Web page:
Date of Graduation


Document Type


Degree Type



School of Medicine


Communication Sciences and Disorders

Committee Chair

Kimberly Meigh

Committee Co-Chair

Tori Gilbert

Committee Member

Tori Gilbert

Committee Member

Alex Hollo


There are some gaps in the literature regarding the efficacy of script therapy in patients with chronic aphasia, particularly chronic aphasia that lasts for several years post-onset, in terms of treatments to improve functional communication during daily activities. This study investigates the relationship between script therapy and communication effectiveness and communicative efficiency. In this context, communication effectiveness was measured by the percent script correct, and communicative efficiency was measured by the total duration to produce the script and the mean duration of pauses at the beginning of sentences.

The efficacy of intensive script training on discourse effectiveness and efficiency was investigated with a patient who had old-chronic nonfluent aphasia (13 years post-onset) using a single subject, multiple baseline design across three different scripts. The participant attended a two-week intensive script therapy and engaged in 15-minute homework activities twice a week.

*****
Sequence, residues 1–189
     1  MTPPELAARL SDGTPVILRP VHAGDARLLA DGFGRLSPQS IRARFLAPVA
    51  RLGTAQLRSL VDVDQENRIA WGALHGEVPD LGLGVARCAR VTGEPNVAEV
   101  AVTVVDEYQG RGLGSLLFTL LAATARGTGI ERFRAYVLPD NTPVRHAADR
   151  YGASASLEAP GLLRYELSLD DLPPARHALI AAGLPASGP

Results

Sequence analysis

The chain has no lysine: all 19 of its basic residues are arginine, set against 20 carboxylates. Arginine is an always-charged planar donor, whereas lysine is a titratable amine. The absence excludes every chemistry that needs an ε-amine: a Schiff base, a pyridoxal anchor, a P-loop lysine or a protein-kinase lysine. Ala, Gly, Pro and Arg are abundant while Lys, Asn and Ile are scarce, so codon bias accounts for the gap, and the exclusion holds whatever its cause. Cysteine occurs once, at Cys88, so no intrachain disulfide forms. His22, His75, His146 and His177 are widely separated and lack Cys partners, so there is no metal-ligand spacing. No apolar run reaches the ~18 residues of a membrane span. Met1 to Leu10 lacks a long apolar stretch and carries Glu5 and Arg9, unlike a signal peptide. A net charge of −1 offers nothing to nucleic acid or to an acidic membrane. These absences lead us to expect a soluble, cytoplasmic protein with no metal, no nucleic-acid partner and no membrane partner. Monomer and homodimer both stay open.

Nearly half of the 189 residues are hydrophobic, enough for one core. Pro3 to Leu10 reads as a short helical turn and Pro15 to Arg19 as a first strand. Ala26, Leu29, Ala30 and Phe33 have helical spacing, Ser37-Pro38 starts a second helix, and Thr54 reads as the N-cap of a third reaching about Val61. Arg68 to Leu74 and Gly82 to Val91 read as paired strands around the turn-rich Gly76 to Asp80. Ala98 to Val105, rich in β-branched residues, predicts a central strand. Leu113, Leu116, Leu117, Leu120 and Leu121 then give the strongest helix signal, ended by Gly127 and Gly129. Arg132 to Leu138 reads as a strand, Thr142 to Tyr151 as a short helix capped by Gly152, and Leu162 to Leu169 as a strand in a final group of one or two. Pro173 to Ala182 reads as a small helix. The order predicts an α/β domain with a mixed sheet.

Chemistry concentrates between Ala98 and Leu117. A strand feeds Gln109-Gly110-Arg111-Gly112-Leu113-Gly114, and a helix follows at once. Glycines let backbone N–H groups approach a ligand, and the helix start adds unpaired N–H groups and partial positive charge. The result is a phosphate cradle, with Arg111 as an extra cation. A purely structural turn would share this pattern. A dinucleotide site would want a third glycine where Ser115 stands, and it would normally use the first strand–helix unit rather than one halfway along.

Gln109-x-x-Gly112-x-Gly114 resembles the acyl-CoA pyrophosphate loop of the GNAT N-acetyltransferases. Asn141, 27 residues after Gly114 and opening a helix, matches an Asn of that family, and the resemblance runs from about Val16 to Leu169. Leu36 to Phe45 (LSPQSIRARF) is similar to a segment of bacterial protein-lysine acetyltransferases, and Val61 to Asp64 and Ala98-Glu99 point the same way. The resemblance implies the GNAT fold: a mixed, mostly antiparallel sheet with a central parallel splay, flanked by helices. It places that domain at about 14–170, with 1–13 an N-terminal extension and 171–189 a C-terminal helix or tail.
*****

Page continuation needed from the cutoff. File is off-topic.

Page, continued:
Our results indicated that the percentage of script-related words used was sensitive to script training intervention, and at the end of this study, the participant demonstrated proficiency with all of the scripts. This allowed him to communicate the sufficient amount of information conveyed in the scripts. Furthermore, script therapy was a part of a global decrease in the duration-related variables, when taking the speed-accuracy trade-off and individual characteristics into account. At the end of this study, the participant demonstrated increased communicative efficiency.

We conclude that intensive script therapy increased communication effectiveness and communicative efficiency for our participant. At the end of the study, he reported using the scripts on a regular basis and expressed an interest in using script therapy in his future speech and language therapies. More research on this relationship, as well as improved experimental control to indicate a certain relation between script therapy and increased functional communication during daily activities, is needed.